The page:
Diversity Management as it relates to Race in Healthcare

Document Type:Research Paper

Subject Area:Health Care

Document 1

It is also common to see physicians and clinical healthcare officers struggling to understand and meet these people’s needs. Disparities in the healthcare workforce persist despite racially diverse students being allowed to study and graduate in health administration studies (Jackson & Gracia, 2014). The situation has led to an upsurge in the call for increased racial diversity in the nation’s healthcare workforce. Researchers have proven that healthcare organizations with diverse leadership panels are more effective in serving a diverse clientele. Similarly, organizations that inculcate diversity in their health management training programs end up with more cultural competent employees. However, while the movement was premised on fairness and social justice, the recent calls are based on evidence that a diverse healthcare workforce has the propensity to enhance care delivery and the effectiveness of healthcare organizations (Birk, 2012).

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Numerous research studies have highlighted the ever-increasing racial disparities in healthcare, and they all conclude that the nation’s health system does not sufficiently address the needs of minority citizens. As such, they propose, increasing the diversity of the United States healthcare workforce will enhance not only the cultural competency of employees but also their multicultural sensitivity which is essential for the proper functioning of the health care system. Application and Transfer It is essential for healthcare professionals to acknowledge that patients are just as different culturally as they are medically. Dr. It outlines that citizens cannot be denied health services on the basis of their race, color or nationality (Sastre-Fullana, De Pedro-Gómez, Bennasar-Veny, Serrano-Gallardo & Morales-Asencio, 2014). All programs funded by the United States Department of Health and Human Services must incorporate the functions of translators to aid those who do not comprehend English.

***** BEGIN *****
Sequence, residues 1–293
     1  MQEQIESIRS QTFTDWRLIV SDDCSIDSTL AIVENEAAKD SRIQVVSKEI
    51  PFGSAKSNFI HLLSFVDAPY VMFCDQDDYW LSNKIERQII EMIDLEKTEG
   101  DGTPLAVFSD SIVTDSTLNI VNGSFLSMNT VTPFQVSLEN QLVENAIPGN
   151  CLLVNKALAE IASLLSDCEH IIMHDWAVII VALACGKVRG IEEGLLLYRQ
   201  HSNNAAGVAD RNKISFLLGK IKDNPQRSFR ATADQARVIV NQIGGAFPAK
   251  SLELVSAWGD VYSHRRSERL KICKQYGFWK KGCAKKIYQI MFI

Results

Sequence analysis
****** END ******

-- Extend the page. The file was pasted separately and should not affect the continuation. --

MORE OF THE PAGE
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Another relevant law is the 2005 New Jersey Senate Bill 144 that requires physicians to undergo cultural competency training before they can attain licensure. It is a landmark law as other states have followed with similar laws (Sastre-Fullana, De Pedro-Gómez, Bennasar-Veny, Serrano-Gallardo & Morales-Asencio, 2014). A third law that seeks to enforce cultural competence among health care professionals is the Office of Minority Health’s National Standards for Culturally and Linguistically Appropriate Services (CLAS) (Sastre-Fullana, De Pedro-Gómez, Bennasar-Veny, Serrano-Gallardo & Morales-Asencio, 2014). They should also involve their organizations in the development of mentoring programs that seek to enhance the relationship between them and racially diverse employees. Finally, they should provide scholarships and career advancement support to racially diverse, competent employees so that they get the opportunity to participate in leadership programs.

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Evaluation The recommendations above are tried and tested and they have shown the propensity to attract and keep professionals from all racial backgrounds in all levels of the healthcare system. It has been established that racial diversity in health care is crucial in the quest to eliminate health and health care disparities in the United States. But diversity in itself is not enough. They must also research and immerse themselves into different cultures to be culturally knowledgeable (Baack & Fischer, 2013). With the two, it will be easy to practice and perfect cultural skills that help them in the assessment of cultural information for patients to provide them with the best quality of care possible. References Baack, D. , & Fischer, A. The Essentials of Managing in the Healthcare Industry.

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